Happy to share this guest post I wrote for the Calluna Events’ Blog on the Dos & Don’ts of Sending Wedding Invitations. These are my top five tips for sending your wedding invites with confidence:
Do write out your guest’s addresses by hand.
Addressing by hand is a personal touch for your invitations that sets a warm, inviting tone for the event. Hate your handwriting? Hire a calligrapher or even a fun hand-lettering artist if you are going for a modern, playful vibe.
Don’t use adhesive labels.
Adhesive mailing labels have a time and place but your wedding invitations are not traditionally one of them. That said, I have seen them used with very contemporary or minimalistic invitation suites and they do coordinate beautifully. Use adhesive labels purposefully and not because you’re trying to save time.
2. WHO TO ADDRESS
Do use proper titles.
Titles are always important, but particularly necessary to include when the guest has a distinguished title such as doctors, judges, or military personnel. Your guests have earned these titles and it is disrespectful to forgo including them. When in doubt, ask before addressing!
Don’t write “and guest” for long term significant others.
Inviting a non-married friend with a long-term (typically over a year) or live-in significant other? Please learn their significant other’s name and include it on the envelope! Writing “and guest” instead of their name can be insulting to the sincerity of their relationship.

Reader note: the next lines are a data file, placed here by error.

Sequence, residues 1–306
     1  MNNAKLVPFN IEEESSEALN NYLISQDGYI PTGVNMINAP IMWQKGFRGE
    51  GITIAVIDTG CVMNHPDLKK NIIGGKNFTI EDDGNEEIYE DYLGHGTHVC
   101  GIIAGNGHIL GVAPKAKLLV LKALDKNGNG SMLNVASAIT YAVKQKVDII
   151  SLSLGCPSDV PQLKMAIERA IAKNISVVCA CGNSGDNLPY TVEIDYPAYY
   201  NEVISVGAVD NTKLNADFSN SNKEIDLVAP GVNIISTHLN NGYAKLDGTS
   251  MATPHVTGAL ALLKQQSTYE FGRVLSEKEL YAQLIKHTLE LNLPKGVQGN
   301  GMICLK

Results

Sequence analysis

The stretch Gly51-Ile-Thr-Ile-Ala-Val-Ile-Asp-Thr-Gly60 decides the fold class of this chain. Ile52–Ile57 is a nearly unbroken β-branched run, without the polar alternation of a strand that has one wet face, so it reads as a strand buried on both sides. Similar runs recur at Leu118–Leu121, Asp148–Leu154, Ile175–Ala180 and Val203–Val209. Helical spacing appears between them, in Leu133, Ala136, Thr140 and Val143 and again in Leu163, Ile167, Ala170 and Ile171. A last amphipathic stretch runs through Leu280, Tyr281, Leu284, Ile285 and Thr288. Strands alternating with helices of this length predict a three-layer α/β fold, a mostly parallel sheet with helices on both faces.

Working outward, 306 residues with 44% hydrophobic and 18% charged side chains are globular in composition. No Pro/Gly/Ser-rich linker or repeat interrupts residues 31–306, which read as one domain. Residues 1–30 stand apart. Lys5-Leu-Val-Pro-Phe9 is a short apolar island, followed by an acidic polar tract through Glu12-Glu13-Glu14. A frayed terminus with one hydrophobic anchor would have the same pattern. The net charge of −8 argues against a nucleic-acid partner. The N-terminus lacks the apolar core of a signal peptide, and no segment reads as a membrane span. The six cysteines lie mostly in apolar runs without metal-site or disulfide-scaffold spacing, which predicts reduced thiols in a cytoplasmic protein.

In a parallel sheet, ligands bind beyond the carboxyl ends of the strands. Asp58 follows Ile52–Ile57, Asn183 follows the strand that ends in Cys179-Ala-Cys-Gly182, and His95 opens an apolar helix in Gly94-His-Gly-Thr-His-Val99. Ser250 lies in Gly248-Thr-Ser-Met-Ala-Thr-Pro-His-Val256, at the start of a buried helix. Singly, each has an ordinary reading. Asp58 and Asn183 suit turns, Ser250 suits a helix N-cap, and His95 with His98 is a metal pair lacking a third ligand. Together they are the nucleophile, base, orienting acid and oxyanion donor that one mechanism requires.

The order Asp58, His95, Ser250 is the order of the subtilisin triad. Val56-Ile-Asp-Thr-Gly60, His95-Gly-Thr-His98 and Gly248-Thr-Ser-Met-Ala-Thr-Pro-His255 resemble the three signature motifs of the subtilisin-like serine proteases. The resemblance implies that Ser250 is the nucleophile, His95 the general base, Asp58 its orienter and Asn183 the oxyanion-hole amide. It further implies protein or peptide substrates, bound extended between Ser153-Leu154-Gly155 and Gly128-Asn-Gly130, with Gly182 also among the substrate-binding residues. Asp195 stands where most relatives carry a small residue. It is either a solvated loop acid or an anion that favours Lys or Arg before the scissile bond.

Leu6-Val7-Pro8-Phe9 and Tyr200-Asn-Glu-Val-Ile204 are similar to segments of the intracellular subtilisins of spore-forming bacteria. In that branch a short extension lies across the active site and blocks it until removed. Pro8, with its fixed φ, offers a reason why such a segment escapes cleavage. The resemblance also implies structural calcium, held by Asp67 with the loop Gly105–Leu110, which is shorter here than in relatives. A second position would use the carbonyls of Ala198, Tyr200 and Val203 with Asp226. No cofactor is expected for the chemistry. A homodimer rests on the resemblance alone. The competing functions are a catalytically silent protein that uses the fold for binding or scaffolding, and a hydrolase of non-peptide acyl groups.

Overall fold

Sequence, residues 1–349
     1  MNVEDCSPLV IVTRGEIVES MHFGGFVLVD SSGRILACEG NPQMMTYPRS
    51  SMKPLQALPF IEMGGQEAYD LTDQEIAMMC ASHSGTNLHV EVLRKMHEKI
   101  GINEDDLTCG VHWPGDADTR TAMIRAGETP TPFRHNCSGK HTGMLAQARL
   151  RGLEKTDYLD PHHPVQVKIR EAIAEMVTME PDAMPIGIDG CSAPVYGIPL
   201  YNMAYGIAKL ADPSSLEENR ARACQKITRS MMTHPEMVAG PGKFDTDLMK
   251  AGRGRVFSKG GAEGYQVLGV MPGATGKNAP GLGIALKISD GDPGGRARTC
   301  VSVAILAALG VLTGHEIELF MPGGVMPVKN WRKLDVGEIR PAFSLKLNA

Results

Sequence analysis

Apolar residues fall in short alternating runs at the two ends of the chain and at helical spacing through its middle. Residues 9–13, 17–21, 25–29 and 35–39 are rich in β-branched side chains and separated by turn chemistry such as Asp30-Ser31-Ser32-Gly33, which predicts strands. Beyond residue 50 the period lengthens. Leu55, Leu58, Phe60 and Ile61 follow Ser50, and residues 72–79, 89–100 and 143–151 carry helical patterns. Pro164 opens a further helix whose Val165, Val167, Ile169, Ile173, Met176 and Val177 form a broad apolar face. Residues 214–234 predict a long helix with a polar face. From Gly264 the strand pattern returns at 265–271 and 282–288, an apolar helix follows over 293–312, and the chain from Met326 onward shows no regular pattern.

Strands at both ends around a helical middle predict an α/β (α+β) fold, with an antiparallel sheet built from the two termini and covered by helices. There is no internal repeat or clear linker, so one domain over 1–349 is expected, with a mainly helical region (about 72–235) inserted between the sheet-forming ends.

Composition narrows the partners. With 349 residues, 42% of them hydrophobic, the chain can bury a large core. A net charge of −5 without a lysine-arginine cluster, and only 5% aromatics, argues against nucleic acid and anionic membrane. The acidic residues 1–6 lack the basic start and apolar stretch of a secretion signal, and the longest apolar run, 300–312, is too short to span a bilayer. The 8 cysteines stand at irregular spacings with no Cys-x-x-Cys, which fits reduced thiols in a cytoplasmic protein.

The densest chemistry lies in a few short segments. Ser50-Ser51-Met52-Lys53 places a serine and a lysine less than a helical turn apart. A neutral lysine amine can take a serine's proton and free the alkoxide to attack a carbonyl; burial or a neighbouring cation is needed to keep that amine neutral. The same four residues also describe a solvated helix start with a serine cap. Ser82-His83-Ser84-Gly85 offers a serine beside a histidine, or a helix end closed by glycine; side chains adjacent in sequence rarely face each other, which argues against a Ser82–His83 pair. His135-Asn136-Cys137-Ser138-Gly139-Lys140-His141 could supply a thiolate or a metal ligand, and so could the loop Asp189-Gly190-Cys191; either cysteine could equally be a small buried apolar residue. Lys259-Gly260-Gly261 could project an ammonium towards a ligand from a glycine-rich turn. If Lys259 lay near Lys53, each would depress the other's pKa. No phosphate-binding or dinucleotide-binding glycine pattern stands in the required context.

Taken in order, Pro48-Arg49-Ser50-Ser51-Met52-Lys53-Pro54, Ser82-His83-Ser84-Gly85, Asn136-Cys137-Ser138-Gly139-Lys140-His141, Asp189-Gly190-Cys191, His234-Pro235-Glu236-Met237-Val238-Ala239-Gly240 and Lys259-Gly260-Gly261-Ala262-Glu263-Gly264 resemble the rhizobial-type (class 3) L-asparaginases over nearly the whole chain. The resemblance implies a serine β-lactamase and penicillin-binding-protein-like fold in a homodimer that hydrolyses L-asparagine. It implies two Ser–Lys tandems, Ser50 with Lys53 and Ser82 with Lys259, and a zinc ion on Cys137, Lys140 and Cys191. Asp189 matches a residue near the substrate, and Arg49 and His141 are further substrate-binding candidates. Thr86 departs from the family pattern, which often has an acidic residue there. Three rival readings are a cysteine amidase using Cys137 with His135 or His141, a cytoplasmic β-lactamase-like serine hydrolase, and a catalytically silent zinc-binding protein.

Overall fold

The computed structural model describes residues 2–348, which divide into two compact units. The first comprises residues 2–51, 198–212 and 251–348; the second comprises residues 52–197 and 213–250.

Do stack largest to smallest.
Traditionally your invitation is on the bottom, followed by the reply envelope and response card on top. Inserts such as reception cards and maps should be stacked accordingly depending on their size. Have more than a couple inserts? Pocket folders are a great way to organize all of those pieces.
Don’t wait until the last minute to assemble.
Assembly takes longer than most people realize. I recommend giving yourself at least two weeks for addressing and assembly; even longer if you have extras such as pocket folders, belly bands, wax seals, etc.
Do mail 6-8 weeks before your big day.
Wedding planning timelines can be chaotic. Remember to send your invites 6-8 weeks before the big day. I always recommend a little longer (roughly 8-10 weeks) for destination weddings or if you are expecting a lot of out of town guests.
Don’t ask for a reply within a week of when you mail.
Give your guests enough time to make a decision. Make your RSVP by date 2-4 weeks before your wedding date. This should not only give you enough time to track down those who don’t respond (there are always a few) but also allows enough time to give a final head count to the caterer, finalize your seating chart, and provide guest names to your stationer for escort cards.
Do include postage on your reply envelope.
Make it as easy as possible for your guests to RSVP by including a stamped envelope with your invitation set. Budget savvy tip: postcards require less postage than a reply card and envelope. The savings is roughly 13 cents per reply, but that can easily add up if you have a large guest list!
Don’t guess on the postage needed to mail your invite set.
Bring an assembled invitation set with an envelope and all inserts (reply, maps, etc.) to the post office and have them calculate what postage will be needed. Want something different? My favorite thing right now is mixing vintage postage in with modern designs for an eclectic and unique look.